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James Beard award nominees

James Beard has announced their annual award nominees. It’s no Golden Clog, but has a few bits worth noting.

Two of my favorite food writers, Brett Anderson of Times-Picayune and Robb Walsh of Houston Press, got nods for Newspaper Feature About Restaurants and/or About Chefs. Walsh has been covering Houston for years and has done some really great stories that capture the essence of the city, Taco Truck Gourmet, history of Tex-Mex and the most excellent flame war with John Mariani over processed cheese being my all time favorites.

I only recently came across Brett Anderson and found that he has a similar grasp of New Orleans food, covering the resurgence of the post-Katrina restaurant scene extensively. It’s a bit disappointing that blogs don’t make the list for JBF. I have read great many newspaper dining blogs in the last couple of years and we are lucky to have one of the best with Cook’s Tour, which is somehow relevant beyond Houston city limits and yet local at the same time.

Who else is left out? Daniel Patterson of Coi, who has written some of the best food stories in the recent years. Patterson is a working chef and has a dimension that food writers can’t attain, looking from outside in by definition. One of the best articles chronicles the decades of suffocating impact that Chez Panisse has had on Southern California, which captured the evolution and eventual stagnation of dining in San Francisco. I don’t know enough about San Francisco to agree or disagree, but judging by the number of people upset by his take, seems there is some truth to his proclamation that the emperor has no clothes.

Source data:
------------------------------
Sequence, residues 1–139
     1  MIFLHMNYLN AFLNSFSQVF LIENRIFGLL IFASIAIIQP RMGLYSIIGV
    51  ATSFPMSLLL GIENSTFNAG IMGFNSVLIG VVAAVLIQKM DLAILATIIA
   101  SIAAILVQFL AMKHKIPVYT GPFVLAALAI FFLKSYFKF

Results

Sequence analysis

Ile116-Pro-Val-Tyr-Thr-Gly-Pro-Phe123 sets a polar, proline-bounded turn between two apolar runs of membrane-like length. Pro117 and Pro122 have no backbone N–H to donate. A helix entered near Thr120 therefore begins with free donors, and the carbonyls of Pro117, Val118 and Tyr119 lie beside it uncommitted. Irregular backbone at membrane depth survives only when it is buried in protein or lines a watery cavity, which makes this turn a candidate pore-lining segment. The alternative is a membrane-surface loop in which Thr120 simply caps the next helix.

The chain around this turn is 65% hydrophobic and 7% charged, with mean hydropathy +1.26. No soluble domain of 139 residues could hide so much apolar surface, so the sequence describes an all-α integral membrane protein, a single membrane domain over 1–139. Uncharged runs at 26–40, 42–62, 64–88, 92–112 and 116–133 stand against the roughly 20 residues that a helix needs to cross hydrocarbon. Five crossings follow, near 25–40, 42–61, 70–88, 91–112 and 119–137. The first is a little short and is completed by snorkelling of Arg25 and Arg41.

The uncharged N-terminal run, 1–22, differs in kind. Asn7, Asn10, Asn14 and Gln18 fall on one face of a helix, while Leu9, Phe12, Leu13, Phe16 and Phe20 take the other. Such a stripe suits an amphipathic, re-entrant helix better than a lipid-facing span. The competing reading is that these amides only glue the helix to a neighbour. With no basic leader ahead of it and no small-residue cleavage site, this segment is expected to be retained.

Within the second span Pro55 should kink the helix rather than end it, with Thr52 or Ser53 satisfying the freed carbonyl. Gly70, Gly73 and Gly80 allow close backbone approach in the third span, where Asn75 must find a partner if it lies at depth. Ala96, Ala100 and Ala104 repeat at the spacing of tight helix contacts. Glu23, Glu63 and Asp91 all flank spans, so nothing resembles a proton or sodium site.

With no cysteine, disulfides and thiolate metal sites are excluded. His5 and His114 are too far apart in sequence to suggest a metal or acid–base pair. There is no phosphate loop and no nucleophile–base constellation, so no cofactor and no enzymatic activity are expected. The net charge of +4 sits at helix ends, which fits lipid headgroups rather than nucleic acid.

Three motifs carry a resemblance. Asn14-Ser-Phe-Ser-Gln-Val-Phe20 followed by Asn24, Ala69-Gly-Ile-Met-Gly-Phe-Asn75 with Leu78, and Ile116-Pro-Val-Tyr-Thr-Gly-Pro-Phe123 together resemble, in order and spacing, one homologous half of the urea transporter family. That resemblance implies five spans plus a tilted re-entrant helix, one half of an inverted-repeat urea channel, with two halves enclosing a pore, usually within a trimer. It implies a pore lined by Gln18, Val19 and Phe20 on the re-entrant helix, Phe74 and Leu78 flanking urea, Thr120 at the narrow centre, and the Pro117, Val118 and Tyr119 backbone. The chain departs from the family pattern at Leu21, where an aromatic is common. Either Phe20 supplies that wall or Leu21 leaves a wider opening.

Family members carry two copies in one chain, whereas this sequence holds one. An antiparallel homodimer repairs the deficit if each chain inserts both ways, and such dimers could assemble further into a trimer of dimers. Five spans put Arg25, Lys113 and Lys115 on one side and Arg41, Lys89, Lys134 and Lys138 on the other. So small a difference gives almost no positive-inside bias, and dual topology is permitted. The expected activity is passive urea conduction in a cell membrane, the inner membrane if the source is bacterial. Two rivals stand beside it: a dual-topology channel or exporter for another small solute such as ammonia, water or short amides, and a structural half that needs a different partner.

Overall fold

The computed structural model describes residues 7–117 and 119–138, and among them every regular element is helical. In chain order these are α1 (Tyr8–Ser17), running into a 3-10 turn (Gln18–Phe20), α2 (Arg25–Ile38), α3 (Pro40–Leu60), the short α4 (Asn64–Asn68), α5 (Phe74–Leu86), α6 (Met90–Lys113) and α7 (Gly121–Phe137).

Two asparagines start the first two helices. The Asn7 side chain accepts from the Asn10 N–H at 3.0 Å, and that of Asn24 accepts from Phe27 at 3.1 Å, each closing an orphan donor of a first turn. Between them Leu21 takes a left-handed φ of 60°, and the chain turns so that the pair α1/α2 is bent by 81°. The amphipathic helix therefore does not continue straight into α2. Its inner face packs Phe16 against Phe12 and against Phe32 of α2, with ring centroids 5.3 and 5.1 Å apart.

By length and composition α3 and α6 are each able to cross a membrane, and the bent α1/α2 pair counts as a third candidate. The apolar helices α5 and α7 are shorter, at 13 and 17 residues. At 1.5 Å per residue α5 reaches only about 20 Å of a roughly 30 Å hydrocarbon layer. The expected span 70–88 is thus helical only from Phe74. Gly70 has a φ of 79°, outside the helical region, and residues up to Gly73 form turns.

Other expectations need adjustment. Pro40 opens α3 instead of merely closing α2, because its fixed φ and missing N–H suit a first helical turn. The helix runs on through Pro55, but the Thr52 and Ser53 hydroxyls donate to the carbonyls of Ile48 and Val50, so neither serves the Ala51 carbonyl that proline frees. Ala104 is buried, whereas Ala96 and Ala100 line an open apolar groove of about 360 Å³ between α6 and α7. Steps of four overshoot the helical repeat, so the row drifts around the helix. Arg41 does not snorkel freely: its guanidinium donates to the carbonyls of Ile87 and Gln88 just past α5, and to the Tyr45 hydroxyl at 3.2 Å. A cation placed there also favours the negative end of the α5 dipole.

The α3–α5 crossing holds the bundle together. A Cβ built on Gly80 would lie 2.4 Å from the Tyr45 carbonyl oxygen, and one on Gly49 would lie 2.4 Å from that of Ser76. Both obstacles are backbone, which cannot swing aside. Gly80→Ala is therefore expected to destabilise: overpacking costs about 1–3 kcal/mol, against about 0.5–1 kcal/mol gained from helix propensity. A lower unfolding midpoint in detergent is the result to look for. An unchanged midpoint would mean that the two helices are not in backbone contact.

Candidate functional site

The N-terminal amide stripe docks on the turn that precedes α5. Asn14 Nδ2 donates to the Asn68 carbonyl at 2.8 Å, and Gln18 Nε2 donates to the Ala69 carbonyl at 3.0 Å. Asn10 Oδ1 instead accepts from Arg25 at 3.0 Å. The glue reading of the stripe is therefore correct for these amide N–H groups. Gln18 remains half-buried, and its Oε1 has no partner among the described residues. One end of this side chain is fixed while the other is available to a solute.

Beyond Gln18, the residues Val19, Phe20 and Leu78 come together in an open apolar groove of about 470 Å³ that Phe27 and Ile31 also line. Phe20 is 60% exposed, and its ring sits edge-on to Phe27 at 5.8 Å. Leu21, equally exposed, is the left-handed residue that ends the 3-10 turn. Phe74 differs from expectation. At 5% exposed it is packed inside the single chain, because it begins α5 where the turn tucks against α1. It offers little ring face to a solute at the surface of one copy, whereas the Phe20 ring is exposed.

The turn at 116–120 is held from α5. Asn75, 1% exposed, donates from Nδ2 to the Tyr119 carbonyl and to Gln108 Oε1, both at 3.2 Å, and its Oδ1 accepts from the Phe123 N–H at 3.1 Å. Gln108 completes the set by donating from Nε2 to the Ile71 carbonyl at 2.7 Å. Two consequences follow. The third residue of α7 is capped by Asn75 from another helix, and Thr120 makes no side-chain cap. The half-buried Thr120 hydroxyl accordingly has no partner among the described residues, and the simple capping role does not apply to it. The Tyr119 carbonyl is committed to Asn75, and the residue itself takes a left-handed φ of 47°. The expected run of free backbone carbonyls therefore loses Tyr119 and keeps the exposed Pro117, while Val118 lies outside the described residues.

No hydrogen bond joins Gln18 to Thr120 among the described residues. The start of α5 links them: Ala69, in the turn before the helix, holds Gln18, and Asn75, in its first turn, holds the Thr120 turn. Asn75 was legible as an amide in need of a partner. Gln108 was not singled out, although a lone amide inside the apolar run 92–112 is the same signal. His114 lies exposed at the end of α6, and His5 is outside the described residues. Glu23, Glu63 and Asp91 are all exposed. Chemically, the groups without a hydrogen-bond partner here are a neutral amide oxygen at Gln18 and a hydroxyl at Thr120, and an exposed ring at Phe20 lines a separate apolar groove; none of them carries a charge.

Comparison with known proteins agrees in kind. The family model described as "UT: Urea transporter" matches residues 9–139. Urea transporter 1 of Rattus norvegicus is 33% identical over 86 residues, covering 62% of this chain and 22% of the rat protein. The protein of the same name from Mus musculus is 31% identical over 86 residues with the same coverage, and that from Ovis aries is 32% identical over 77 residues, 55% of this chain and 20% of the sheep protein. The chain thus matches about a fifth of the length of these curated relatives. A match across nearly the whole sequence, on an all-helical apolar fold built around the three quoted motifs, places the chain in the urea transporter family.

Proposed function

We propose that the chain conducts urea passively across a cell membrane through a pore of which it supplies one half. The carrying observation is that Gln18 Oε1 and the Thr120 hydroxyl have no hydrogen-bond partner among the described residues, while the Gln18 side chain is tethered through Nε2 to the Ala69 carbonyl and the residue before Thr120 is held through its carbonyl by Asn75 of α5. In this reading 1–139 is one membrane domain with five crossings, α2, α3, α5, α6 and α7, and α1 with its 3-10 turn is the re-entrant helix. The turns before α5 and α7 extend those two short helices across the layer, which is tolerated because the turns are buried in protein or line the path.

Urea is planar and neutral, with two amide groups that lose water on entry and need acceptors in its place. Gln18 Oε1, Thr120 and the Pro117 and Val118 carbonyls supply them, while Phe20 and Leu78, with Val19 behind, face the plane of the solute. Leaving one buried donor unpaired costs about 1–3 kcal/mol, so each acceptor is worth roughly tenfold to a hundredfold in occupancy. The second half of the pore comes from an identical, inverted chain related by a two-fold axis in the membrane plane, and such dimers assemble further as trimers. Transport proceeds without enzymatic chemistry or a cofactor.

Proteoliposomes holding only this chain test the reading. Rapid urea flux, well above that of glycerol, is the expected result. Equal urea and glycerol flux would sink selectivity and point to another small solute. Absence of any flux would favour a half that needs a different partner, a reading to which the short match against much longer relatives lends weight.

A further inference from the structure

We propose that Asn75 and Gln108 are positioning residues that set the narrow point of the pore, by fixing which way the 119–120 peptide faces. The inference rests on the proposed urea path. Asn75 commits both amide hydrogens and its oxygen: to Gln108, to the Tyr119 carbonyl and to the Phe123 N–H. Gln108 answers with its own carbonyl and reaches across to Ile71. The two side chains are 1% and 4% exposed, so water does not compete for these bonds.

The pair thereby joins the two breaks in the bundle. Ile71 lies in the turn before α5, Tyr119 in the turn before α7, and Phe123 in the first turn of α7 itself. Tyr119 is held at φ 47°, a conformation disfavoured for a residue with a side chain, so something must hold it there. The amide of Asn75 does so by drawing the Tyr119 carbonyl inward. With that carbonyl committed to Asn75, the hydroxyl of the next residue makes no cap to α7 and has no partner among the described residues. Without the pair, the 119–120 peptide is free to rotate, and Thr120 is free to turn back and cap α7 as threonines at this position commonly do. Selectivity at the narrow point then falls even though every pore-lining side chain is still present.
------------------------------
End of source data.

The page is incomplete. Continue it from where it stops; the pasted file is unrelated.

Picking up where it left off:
Few notes about chef nominations. Tom Douglas for Best Restaurateur? Don’t buy it. Fearing’s probably belongs in the Best New Restaurant category. I recently completed a Southwestern tour of Fearing, Pyles and Del Grande restaurants and Fearing clearly has the most left in the tank. Although I haven’t had much exposure to the Outstanding Chef nominees, but Grant Achatz should take that category without much trouble. The guy has an unreal amount of talent and serves up a mind-blowing experience better than anyone on the molecular block today.

Regional awards are a mixed bag, as usual. I still think it’s retarded that New York has it’s own category, but I suppose you need to pack the ego’s in somewhere. After visiting both Manresa and Quince recently, I am now a huge David Kinch fan and have little more than tacit approval for Michael Tusk. If Kinch doesn’t take the Best Chef Pacific category, James Beard might as well turn awards over to the foreign press.

No one from Houston is nominated this year. I am not thrilled about it, but I have to agree. There is a ton of talent here, doing some really exciting things, but no one quite takes it up to the level of Sharon Hage and Andrew Weissman. If I had to choose I’d probably go with York Street. Le Reve serves a fantastic meal, but it’s York Street I keep on thinking about going back to over and over again.

And finally, Irma’s? I don’t get the fascination with this place. The food is up and down, the prices are usually up and it just doesn’t feel like an affable hole in the wall any more, but some exclusive politico club where the story sounds better than it tastes. I’ll pass.

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